Distinguishing and correlating surface and bulk behaviour using linear and nonlinear vibrational spectroscopy




Roy, Sandra

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Thorough understanding of interfaces requires an assessment of both the surface and bulk properties through the use of multiple techniques. In this thesis, infrared absorption, Raman scattering and sum frequency generation were used as vibrational probes of different features of interfacial systems including the ability to measure surface and bulk effects. Two-dimension correlation analysis was used to study the relationship between the spectral response of the different techniques. Attenuated total reflection absorption, bulk Raman scattering and sum frequency generation were used to study the adsorption of ethanol--water mixture on fused silica. With the use of two-dimension correlation analysis, interesting results were observed concerning the behavior of the surface in respect to the bulk. Surface concentration of ethanol were concluded to be higher than in the bulk indicative of competitive adsorption. Furthermore, at low concentration ethanol was shown to adsorb to the surface in dimers, to then form a bilayer of strongly oriented ethanol molecules at higher concentration. At highest concentration, this bilayer is disturbed, leaving only one layer at the surface of oriented ethanol molecules. The same spectroscopic techniques were applied to pressure sensitive adhesives of different composition while drying on a sapphire surface. The presence or absence of acrylic acid in the material was shown to alter the reorientation at the surface while drying. In the case where no acrylic acid is present, the orientation of the polymer at the surface was driven by the packing of the molecules at the surface. When acrylic acid was present in the pressure sensitive adhesive, reorientation occurred much faster and was caused by strong hydrogen bonding with the surface of the sapphire. An increase in acrylic acid composition, increased the rate of reorientation. An experimental set up was constructed to specifically study interfaces with a nonuniform distribution within the plane of the surface. This allows for concomitant measurement of polarized total internal reflection Raman scattering and sum frequency generation spectroscopy along with bright field imaging and cross polarized imaging. This set up was used to study the L-histidine crystal in situ adsorbed on fused silica. The polarized experiments along with calculations allowed for a more in-depth analysis of the crystal orientation effect on the birefringence, the Raman and the sum frequency generation.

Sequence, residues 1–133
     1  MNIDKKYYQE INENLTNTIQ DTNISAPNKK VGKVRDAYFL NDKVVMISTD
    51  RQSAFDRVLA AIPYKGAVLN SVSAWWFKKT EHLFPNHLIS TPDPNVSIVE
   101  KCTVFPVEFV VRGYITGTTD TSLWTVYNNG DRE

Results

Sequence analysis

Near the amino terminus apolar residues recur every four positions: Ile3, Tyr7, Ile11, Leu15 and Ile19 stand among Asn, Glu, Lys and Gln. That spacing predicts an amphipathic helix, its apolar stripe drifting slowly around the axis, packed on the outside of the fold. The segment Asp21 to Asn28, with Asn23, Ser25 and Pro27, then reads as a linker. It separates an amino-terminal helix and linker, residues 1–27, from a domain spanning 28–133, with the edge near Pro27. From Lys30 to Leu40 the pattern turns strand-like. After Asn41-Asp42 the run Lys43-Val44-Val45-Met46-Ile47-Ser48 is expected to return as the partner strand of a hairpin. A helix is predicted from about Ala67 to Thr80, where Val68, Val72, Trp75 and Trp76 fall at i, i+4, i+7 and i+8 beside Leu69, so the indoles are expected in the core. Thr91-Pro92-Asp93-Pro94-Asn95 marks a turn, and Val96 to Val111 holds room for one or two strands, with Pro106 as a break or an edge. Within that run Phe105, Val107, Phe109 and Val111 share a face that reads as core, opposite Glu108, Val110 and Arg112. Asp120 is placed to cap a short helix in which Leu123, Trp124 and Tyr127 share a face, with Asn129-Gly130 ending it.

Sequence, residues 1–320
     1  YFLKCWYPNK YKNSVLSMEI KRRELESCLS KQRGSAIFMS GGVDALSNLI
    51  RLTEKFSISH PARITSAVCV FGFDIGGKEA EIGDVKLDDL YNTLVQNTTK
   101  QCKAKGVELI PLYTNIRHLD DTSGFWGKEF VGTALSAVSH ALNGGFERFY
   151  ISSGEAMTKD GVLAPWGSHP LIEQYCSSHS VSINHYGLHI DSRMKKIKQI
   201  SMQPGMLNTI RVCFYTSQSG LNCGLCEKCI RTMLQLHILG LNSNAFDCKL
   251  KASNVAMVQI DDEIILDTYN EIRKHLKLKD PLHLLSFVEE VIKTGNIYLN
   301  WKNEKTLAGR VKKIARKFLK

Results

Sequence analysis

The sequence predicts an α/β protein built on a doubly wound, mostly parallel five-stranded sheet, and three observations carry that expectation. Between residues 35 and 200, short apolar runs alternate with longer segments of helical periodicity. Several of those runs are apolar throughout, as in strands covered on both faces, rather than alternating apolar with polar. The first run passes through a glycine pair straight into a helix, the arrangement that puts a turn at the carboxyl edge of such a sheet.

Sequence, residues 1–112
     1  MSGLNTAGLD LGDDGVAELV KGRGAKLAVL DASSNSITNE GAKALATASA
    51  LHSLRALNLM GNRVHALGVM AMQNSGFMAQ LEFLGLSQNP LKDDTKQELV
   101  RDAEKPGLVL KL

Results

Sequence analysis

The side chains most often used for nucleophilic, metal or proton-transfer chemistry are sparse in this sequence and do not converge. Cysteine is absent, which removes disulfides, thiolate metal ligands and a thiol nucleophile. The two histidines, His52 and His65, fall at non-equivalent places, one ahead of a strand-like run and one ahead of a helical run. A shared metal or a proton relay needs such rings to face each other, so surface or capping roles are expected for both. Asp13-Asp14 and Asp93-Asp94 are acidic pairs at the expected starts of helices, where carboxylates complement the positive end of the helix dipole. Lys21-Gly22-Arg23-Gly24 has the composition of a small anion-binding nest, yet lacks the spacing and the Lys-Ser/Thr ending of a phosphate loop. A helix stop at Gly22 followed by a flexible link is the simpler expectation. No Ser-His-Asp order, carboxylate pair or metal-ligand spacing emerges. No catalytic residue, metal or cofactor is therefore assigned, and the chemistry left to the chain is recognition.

Sum frequency generation, pressure sensitive adhesive, 2DCOS, histidine